Today on A.Vogel Talks Menopause, I'm going to be talking about, "Can acid reflux be a menopause symptom?"
We know that digestive problems, in general, can certainly be triggered by menopause. It can be exacerbated by menopause. But one of the things I found recently is that a lot of women are asking me, "Can acid reflux be a proper symptom of the menopause?"
What can cause acid reflux during menopause?
Studies have shown that menopausal women are three times as likely to suffer from Gastroesophageal Reflux Disease (GERD).1
Falling oestrogen in menopause can affect the production of acid in the stomach, and when this happens you can start to get a lot of indigestion, wind, and feeling of fullness, as well as a lot of the discomfort and pain.
Stress can also affect stomach digestion, too. The problem with this is that it's not being picked up as a specific menopause symptom. And a lot of women are going to the doctor, and they are being prescribed antacids or what's called PPIs.
The problem with antacid medications
One of the issues with these drugs is that if you take them long term, there is the possibility that they can interfere with the absorption of minerals such as magnesium and calcium. And these are both vital in the menopause.
If you're low in calcium, that can affect your bones leading to osteoporosis. If you're low in magnesium, that can give you symptoms such as anxiety, palpitations, and poor sleep.
So, as you can see, getting something like GERD, or even indigestion, or acid reflux can have a lot of ongoing issues with menopausal problems, too. Also, what can happen is because oestrogen is affecting the production of acid in the stomach, it could end up producing too much acid.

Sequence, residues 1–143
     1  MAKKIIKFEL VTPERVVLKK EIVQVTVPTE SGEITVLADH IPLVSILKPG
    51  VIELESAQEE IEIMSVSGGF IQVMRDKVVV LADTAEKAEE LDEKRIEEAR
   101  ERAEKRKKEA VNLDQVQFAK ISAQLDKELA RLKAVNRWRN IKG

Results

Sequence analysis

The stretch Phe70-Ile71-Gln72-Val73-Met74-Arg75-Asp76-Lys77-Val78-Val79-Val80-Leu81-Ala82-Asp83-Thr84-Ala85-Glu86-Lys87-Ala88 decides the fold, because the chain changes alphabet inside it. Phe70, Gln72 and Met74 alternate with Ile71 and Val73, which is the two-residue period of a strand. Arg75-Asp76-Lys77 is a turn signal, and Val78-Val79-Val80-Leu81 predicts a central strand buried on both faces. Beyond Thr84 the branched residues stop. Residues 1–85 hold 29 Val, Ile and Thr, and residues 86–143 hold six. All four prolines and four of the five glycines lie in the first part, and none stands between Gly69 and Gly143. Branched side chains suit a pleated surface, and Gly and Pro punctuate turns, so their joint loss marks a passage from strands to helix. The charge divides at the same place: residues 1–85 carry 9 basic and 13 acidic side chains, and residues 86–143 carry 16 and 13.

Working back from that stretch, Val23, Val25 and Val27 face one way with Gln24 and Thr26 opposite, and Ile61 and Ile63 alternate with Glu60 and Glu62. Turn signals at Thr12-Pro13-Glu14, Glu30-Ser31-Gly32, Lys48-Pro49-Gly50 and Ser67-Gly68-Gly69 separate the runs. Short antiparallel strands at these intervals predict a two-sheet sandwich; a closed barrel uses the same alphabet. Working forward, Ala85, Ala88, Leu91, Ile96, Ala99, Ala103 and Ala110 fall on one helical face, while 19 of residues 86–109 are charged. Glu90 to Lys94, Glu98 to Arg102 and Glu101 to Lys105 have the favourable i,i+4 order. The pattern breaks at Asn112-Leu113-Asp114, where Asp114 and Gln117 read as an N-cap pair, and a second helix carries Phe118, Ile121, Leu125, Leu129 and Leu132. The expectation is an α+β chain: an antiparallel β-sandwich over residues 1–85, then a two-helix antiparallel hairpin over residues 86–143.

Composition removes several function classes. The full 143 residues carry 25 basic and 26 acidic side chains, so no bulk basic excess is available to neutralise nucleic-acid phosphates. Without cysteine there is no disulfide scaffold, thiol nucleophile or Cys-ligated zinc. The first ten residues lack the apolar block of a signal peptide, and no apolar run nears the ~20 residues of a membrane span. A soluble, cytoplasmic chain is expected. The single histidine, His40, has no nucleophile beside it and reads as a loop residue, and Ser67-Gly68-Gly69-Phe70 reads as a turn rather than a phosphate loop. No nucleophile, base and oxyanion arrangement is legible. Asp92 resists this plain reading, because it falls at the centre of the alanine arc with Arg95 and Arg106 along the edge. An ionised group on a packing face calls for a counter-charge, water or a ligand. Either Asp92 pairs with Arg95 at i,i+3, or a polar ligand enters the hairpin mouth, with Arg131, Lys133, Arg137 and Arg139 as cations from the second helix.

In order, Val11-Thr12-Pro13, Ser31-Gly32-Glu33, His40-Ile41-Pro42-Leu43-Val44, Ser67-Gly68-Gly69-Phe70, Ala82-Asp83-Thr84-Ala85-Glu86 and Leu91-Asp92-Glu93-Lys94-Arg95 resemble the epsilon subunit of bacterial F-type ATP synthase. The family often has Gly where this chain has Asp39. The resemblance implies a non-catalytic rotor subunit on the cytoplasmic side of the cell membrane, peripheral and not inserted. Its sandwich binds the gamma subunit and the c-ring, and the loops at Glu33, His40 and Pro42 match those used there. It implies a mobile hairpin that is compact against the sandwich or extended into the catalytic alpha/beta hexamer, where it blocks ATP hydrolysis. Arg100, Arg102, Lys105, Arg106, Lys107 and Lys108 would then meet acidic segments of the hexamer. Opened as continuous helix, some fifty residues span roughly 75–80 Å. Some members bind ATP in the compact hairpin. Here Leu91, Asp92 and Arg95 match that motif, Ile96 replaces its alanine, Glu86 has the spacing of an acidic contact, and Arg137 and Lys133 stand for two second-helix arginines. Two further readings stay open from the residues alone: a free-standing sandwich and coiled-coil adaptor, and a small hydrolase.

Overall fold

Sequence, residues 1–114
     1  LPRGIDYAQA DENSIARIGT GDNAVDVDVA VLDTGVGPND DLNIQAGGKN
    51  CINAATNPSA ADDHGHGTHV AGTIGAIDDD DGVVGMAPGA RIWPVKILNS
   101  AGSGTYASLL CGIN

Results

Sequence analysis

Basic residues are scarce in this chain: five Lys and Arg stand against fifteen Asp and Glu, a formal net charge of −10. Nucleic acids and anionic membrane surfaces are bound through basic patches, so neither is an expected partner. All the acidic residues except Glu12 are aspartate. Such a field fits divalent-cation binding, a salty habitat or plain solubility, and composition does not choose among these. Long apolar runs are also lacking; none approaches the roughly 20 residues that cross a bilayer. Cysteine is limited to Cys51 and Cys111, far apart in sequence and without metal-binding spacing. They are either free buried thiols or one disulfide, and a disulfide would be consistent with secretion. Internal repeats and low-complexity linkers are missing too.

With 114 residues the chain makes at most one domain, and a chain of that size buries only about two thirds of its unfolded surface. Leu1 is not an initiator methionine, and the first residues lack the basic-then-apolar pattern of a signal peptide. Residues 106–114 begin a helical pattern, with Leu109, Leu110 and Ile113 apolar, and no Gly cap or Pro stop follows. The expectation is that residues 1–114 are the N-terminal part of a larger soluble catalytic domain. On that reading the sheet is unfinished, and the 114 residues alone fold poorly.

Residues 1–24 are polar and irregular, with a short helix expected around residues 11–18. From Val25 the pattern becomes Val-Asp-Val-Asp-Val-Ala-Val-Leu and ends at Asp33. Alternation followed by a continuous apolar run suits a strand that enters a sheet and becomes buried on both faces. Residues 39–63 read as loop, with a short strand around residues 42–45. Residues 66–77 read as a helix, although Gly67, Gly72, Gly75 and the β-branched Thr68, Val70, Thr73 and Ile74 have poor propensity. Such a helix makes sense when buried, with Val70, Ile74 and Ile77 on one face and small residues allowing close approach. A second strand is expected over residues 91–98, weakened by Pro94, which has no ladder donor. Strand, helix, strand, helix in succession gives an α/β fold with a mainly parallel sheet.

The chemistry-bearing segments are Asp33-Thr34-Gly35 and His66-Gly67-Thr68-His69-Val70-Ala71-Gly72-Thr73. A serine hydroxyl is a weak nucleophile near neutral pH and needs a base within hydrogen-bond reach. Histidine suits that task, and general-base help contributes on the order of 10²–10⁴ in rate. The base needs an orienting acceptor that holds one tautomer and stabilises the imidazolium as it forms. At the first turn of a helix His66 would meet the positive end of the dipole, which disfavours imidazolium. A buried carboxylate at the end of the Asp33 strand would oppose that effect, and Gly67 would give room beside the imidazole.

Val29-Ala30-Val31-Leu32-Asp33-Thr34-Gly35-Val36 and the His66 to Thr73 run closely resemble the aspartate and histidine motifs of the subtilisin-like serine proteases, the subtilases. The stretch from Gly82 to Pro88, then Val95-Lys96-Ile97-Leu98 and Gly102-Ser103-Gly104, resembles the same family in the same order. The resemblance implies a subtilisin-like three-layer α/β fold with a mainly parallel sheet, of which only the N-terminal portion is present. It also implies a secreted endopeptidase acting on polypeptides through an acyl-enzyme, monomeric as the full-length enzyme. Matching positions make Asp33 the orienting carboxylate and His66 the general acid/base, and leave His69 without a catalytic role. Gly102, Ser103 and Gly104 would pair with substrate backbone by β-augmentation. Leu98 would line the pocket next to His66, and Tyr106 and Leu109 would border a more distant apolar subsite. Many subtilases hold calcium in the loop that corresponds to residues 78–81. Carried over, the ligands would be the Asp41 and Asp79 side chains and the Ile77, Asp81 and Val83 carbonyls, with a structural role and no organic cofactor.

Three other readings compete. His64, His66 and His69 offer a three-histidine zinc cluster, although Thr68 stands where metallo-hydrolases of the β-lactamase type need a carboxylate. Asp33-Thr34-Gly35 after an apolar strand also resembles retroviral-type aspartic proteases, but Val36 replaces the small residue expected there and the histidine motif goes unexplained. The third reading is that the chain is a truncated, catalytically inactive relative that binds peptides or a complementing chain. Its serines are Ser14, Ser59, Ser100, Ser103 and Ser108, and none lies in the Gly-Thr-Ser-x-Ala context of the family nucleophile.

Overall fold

But it can also end up not producing enough acid. And both of these situations will end up causing the same symptoms. So, again, if you take antacids, you may then be making your symptoms even worse.
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What can help ease acid reflux during menopause
What can you do to help yourself here? The easiest thing is to have a look at how you are eating because this can have a big effect on how your digestion goes in the stomach.
Sit up straight when eating
If you are sitting at a desk or watching TV and you're eating slumped, this is going to squash your stomach. And your stomach is not going to be able to break your food down properly, and that in itself can give you feelings of fullness and indigestion.
We're very busy, so we tend to eat very quickly. We may end up eating on the run. We don't chew our food properly. And if you don't chew your food properly, then big lumps of food are going to be sitting in the stomach. And your stomach is going to have to produce extra acid to try and break all these down.
So, the really simple tools for improving your stomach digestion are to make sure that you are sitting down and sitting up properly. Remember what, you were often told that when you were children, elbows by your side. Eating this way allows the stomach to move properly.
Eat slowly and chew well